The Ravening Wolf
Tony and Susan Alamo in the 1970s. Photo by Gilbert B. Weingourt/Zuma Press
"The Vatican is posing as Snow White, but the Bible says that she is a prostitute," reads an Alamo tract entitled "The Pope's Secrets" that has been circulating since 1984. "The more power and control she gets in government, the more she will fade away into the background in her 'Snow White' disguise so that government will be used and blamed for all her evil deeds."
Alamo blames the Catholic Church for every evil imaginable, including communism, Nazism, the two world wars and even the Jonestown Massacre. "Narcotics, prostitution, pornography, booze and black market - every filthy thing – can be traced right back to the Vatican," the cult leader has written. Hatred of Catholics isn't Alamo's only unorthodox belief. In 1993, he published a tract called "The Polygamists" which argued, "the Holy Scriptures proclaim polygamy to be righteous." Fourteen years later, he still pushes that message, producing daily radio broadcasts that are beamed around the country and the world and proclaim a holy man's right to take multiple wives.
"They're condemning polygamy where it's never condemned. God never says, 'No polygamist shall enter the Kingdom of Heaven,'" Alamo declared angrily in one recent broadcast. "But these bastards, these homosexual Vaticanites, they condone homosexuals and they condemn marriage and a man that would take care of his… . [T]hey … say, 'You're a polygamist,' that I married too many wives. Well, find out! Prove it! And even if I was, there's no law in the Bible [against] it."
Tony Alamo Speaks
It doesn't stop there. Alamo, who has three children by three different, current "wives," also has been justifying sex with underage girls over the radio waves in recent years. It's hard not to be reminded of similar attitudes among other cult leaders, from Warren Jeffs, the jailed leader of the polygamist Fundamentalist Latter-Day Saints, to David Koresh, the late apocalyptic chief of the Branch Davidian sect in Waco, Texas, and a man Alamo says was "like a brother to me." Both Jeffs and Koresh have been accused of having sex with children.
Alamo argues that girls should marry once they start menstruating — even if they are as young as 10. In one September 2006 broadcast, he put it like this: "God impregnated Mary when she was about 11 years old. So the government idiots, the people that don't know the Bible, what you're going to have to do is get a hold of God now, you're going to have to get up there and 'cuff him and send him to prison for statutory rape."
It's a theme that Alamo keeps coming back to. In a radio show just this Feb. 24, the preacher cited the alleged promiscuity of first-graders as grounds for marrying them before the legal age of consent. "I've found out from people's parents that their daughter started having sex when she was 6 years old and had sex every day of her life," he said at one point. "So right there, by the time she's 15 years old, she's had sex thousands of times. I mean, this is just reality."
Nikki Farr fled Alamo's group after enduring three years of lewd talk. Photo by Todd Bigelow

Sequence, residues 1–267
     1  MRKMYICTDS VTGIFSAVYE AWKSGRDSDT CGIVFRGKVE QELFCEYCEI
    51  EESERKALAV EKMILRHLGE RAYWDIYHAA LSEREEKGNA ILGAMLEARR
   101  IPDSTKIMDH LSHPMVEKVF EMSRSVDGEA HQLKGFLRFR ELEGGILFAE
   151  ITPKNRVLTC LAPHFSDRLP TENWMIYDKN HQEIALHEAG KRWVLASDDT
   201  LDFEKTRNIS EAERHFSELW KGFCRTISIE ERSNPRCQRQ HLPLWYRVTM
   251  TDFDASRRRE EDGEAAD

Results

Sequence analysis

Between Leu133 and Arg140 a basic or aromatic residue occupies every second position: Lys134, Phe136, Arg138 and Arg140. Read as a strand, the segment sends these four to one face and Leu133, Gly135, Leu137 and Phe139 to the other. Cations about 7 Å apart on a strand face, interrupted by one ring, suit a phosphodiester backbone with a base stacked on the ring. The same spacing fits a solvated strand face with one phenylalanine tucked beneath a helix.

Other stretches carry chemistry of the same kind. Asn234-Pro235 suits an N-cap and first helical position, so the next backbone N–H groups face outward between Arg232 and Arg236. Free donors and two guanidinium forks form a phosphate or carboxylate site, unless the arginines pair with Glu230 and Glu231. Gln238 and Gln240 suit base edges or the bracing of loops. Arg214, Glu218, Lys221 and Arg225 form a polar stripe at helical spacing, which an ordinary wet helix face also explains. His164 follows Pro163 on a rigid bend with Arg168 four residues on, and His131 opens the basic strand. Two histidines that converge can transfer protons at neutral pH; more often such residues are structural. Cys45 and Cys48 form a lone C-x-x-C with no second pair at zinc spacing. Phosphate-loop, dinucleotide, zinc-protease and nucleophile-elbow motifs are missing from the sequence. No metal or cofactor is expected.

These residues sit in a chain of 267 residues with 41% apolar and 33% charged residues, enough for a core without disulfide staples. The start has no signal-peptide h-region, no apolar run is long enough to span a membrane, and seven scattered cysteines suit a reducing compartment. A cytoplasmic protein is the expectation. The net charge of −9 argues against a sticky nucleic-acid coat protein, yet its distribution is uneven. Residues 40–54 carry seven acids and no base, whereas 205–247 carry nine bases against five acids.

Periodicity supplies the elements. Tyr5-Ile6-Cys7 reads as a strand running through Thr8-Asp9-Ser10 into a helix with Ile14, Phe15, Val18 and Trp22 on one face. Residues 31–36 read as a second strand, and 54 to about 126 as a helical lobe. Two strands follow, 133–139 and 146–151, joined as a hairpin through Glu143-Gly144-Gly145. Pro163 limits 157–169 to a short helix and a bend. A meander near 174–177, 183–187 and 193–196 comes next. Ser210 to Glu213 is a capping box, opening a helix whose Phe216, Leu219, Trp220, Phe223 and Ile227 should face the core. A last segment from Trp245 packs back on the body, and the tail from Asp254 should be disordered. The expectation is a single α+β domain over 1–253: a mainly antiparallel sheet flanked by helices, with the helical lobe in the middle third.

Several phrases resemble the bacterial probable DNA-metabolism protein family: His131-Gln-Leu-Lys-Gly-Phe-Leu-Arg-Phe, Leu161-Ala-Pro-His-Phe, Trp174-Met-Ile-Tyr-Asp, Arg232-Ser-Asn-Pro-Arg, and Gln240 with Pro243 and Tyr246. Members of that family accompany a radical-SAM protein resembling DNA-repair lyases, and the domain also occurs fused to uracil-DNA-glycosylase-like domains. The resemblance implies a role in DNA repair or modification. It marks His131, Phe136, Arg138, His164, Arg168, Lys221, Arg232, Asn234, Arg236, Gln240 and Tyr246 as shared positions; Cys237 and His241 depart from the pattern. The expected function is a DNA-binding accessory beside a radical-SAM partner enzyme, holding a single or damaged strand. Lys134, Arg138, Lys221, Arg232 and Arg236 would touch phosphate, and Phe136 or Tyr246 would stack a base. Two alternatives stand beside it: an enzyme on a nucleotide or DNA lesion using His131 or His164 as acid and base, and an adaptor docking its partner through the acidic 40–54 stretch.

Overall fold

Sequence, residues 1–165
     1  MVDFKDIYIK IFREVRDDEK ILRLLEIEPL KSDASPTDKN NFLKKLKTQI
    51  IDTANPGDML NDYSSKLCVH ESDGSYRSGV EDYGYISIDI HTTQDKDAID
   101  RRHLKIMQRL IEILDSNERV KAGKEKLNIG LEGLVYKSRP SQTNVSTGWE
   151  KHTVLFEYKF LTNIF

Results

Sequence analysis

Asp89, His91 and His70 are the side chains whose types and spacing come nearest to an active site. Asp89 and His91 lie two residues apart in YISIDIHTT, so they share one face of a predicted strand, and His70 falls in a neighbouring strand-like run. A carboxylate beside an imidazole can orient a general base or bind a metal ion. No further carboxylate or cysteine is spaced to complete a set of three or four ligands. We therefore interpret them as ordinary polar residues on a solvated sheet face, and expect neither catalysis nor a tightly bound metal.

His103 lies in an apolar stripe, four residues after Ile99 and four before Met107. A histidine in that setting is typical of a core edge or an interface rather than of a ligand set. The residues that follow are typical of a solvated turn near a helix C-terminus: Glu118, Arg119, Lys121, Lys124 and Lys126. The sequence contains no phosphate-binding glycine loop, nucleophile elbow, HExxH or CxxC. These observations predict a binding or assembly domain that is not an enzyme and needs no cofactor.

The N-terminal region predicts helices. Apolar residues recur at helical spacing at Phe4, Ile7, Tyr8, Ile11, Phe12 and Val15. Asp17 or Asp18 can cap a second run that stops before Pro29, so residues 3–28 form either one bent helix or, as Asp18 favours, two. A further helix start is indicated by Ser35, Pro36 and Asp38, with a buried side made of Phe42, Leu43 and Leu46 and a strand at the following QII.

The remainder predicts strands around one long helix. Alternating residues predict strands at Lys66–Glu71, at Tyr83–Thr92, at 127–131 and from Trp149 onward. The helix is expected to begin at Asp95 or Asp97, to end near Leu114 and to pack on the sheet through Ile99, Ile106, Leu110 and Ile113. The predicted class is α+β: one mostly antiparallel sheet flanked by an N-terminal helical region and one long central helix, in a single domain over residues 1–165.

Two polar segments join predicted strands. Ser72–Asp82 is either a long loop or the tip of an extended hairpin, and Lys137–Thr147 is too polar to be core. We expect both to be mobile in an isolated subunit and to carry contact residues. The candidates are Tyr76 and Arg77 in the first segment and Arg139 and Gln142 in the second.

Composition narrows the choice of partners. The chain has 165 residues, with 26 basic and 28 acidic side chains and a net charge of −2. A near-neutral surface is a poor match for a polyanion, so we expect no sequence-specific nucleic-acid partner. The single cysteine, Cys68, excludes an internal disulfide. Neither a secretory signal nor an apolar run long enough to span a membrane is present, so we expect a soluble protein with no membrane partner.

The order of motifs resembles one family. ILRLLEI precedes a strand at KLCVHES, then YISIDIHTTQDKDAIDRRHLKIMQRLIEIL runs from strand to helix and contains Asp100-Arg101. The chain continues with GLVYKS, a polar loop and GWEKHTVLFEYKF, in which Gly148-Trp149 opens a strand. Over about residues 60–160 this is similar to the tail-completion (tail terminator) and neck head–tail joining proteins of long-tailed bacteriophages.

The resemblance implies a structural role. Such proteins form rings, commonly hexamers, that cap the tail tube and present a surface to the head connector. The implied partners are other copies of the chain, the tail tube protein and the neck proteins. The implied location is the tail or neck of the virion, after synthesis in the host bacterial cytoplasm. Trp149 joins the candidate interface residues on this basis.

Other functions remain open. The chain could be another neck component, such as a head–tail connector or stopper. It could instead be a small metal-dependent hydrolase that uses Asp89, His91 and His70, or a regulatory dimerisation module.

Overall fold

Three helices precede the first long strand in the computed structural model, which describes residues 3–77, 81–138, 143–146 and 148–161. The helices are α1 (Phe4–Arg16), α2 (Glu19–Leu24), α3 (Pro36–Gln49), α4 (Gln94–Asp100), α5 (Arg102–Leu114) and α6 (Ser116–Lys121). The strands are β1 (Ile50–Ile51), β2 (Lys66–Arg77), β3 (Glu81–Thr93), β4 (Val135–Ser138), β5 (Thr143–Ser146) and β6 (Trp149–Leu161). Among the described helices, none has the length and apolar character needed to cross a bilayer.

It's these kinds of statements from the purported prophet of God that have helped drive mounting concerns among ex-followers and others familiar with Tony Alamo, even as his churches — in Saugus, Calif., Elizabeth, N.J., and Ft. Smith and Fouke, both in Arkansas — continue to grow. Some with long memories recall the end of Alamo's first reign, when a 1991 government raid on a mountain ridge in Arkansas left his headquarters compound abandoned and in disrepair, and wonder whether the same thing is coming again soon.
Alamo's Georgia Ridge compound was built at the peak of his cult's power in the 1980s. Today, a visit to this Edenic spot shows the decay of 16 untended years — and, for many ex-followers, suggests where Alamo is heading once again.
Although the views from the ridge are still postcard-ready panoramas of the misty greenery below, the holy empire Alamo ruled over is crumbling. The walls of his abandoned 16,500-square-foot mansion are streaked with mold. Next to the driveway is a large pool built for the exclusive use of Tony and Susan Alamo. Today, its heart-shaped concrete border is deeply fissured, the heart's interior choked with rotting leaves lying listless in the stagnant, black water.
The Construction of 'Papa Tony'
But the story of Tony Alamo began long before Georgia Ridge.
Born Bernie LaZar Hoffman, Alamo claims he worked as a rock 'n' roll promoter in the '60s. He writes of how The Beatles and The Rolling Stones begged him to manage them, and claims he traveled in limousines with a huge entourage and police escort: "The bodyguard would open the door, throw down a big velvet pillow; we would step into the velvet pillow. The barber would comb our hair, the nurse take our pulse. One of the fellows would spray us with cologne, another strew flowers in our path, and the cops would stand at attention."
But the high roller became a holy roller in 1964, when he says God dropped in on a business meeting he was conducting, temporarily struck him deaf and issued an ultimatum: Tell everyone that Jesus is coming back to earth, or die.
"I think it was a scam all along," says Susan Groulx, the ex-follower. "I don't think he had a vision from God. Tony's a megalomaniac, a con."